Distinct advantage of frozen section lies in its ability to provide both fairly good cytomorphological details and finer histological typing if there is no limitation of tissue availability for diagnosis.[10] However, frozen section procedure needs costly equipments and continuous electric supply. This can be of considerable concern in developing countries such as India.[5],[11] In addition, this procedure is technically demanding.[11] The overall soft nature of CNS tissue and CNS tumors is not best suited for frozen sections.[3],[4],[8],[11] In addition, frozen section is faced with ice crystal formation particularly in astrocytomas and the freezing artifacts cause distortion of architecture.[4],[5],[8] While frozen section is useful for intraoperative diagnosis of more firm CNS tumors such as meningiomas and ependymomas, the distinct advantage of CNS squash smears in intraoperative diagnosis is the ease with which soft CNS tumors can be crushed to obtain a good cellular smear.[3],[4],[5],[8],[11]

CSC assures safe handling of tissues by avoiding the use of cryostat machine, which is likely to be contaminated by slow virus disease in the process of frozen section in a pertinent case.[3],[8],[9]

Accuracy of a cytological diagnosis heavily depends on the consistency of a tissue. The soft and friable tissues obviously are easy to smear and yield good cellularity. This is exhibited by CNS tumors such as gliomas, pituitary adenomas, medulloblastomas, and metastatic carcinomas.[5] We wholeheartedly share this experience. Another advantage of CNS cytology, such as squash cytology, is that it can be done on a tiny tissue, and is of great value when the tissue obtained is limited or one does not want to lose it to frozen section but preserve it for paraffin sections. The CSC not only economizes on tissue but also on time. The intraoperative diagnosis with it can be obtained in as early as 10 min.[9],[11],[12],[13],[14] The rapid H and E and Leishman stains used in the present study took 10 min for staining and another few minutes for evaluation.

Squash smear cytology provides good cellular details and is far better for appreciating intercellular matrix tissue, inflammatory cells, lymphoma cells, or cells of pituitary adenoma, which are loosely arranged.[4],[10],[13] As seen in the present study, the architecture and details of tumor cells are well-maintained in the cases of choroid plexus papilloma. Similarly, cellular areas of schwannoma and whorls of meningioma [Figure 1]a and [Figure 1]b are also well-appreciated in squash smear cytology.[11] In the present study, papillae were better appreciated with H and E and Leishman stains. Whorls were better appreciated with H and E stain. We also found H and E stain to be best suited for appreciation of fibrillary background. In our air-dried smears, which were subsequently stained with Leishman stain, the cells looked flat and larger than wet-fixed smears. We were more comfortable with wet-fixed smears stained with H and E stain than with air dried smears stained with Leishman stain. Moreover, it was easy to compare the results of wet-fixed H and E stained smears with subsequent paraffin sections [Figure 1]b and [Figure 1]c.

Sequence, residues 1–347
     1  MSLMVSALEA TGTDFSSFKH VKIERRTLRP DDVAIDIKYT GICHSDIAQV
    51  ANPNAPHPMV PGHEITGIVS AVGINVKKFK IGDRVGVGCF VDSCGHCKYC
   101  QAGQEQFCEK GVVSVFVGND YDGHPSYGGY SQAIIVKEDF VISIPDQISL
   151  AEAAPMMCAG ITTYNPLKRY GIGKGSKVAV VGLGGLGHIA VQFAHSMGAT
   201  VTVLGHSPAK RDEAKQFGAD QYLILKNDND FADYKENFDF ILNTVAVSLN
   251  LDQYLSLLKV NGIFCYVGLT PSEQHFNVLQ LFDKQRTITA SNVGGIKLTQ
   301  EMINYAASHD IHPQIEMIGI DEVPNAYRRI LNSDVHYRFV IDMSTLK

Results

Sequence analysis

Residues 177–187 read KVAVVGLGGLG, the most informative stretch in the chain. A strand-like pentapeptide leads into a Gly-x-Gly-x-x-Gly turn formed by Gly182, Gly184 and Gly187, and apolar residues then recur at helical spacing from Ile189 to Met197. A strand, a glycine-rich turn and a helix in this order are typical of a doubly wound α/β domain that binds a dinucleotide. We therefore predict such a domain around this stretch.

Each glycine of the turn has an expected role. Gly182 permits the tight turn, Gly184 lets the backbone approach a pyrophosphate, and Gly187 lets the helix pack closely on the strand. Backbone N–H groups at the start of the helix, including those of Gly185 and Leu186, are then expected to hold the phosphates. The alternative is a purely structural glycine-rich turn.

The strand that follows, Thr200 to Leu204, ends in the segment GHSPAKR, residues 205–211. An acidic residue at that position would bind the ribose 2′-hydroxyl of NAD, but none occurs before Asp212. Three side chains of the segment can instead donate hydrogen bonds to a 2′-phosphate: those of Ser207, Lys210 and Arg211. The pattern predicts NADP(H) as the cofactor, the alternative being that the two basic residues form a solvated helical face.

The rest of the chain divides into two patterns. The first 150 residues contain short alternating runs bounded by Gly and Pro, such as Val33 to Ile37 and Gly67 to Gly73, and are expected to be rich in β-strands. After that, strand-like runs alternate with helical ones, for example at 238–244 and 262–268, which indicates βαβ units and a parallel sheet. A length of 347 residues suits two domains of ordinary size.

Figure 1: (a) Central nervous system (CNS) squash cytology of schwannoma (H&E stain, x400); (b) CNS squash cytology [showing whorls of meningioma] of meningioma (H&E stain, x400); (c) Histopathology of meningioma (H&E stain, x400)

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Although CNS squash smears provide fairly good cytological details and suggest few histological patterns, there are many diagnostic difficulties.[8] This is exemplified in underdiagnosing two cases of GBM as anaplastic astrocytoma. This can be attributed to sampling error resulting in obviation of characteristic necrosis which is important for diagnosis of GBM. Alternatively, it may be due to the fact that necrosis cannot be recognized because it sticks poorly to the slides.[8] The necrosis can also be missed on frozen section, as reported by Mitra et al.,[5] we misdiagnosed one case of meningioma at parietal location as schwannoma. This diagnosis was based on spindle cell morphology and was offered even in the absence of characteristic cellular Antony A areas. The experience is shared by Mitra et al.[5] In this case smears lacked epithelial whorls characteristics of meningioma.[8] We must confess that we failed to consider the fact that parietal location is not a site for schwannoma. We missed a case of central neurocytoma by misdiagnosing it as oligodendroglioma. Both these tumors have similar cytomorphological features with presence of monotonous round nuclei having slightly dense but bland chromatin. Many of these may be devoid of cytoplasm. Perinuclear halo characteristic of oligodendroglioma on histological preparation is a fixation artifact. It is not seen in cytological preparation. One may sometimes detect calcification in smear which facilitates the diagnosis of oligodendroglioma. Presence of mini-gemistocytes, sparse glial fibers, and perineuronal satellitosis also favor its diagnosis. On the other hand, foci or background of finely fibrillary neuropil is a feature characteristic of neurocytoma.[8] We failed to differentiate these nuances, but moreover, we disregarded the central location of this tumor which should have clinched the diagnosis in the given setting of cytomorphology. Similar experience is shared by Savargaonkar.[9] Twice we disregarded the location of tumor thereby offering wrong diagnosis. This experience emphasizes the fact that intraoperative diagnosis is a very crucial exercise which needs to be dealt with extreme care and in correlation with clinical and radioimaging findings. The only solace was that none of these misdiagnoses had a deleterious impact on patient management.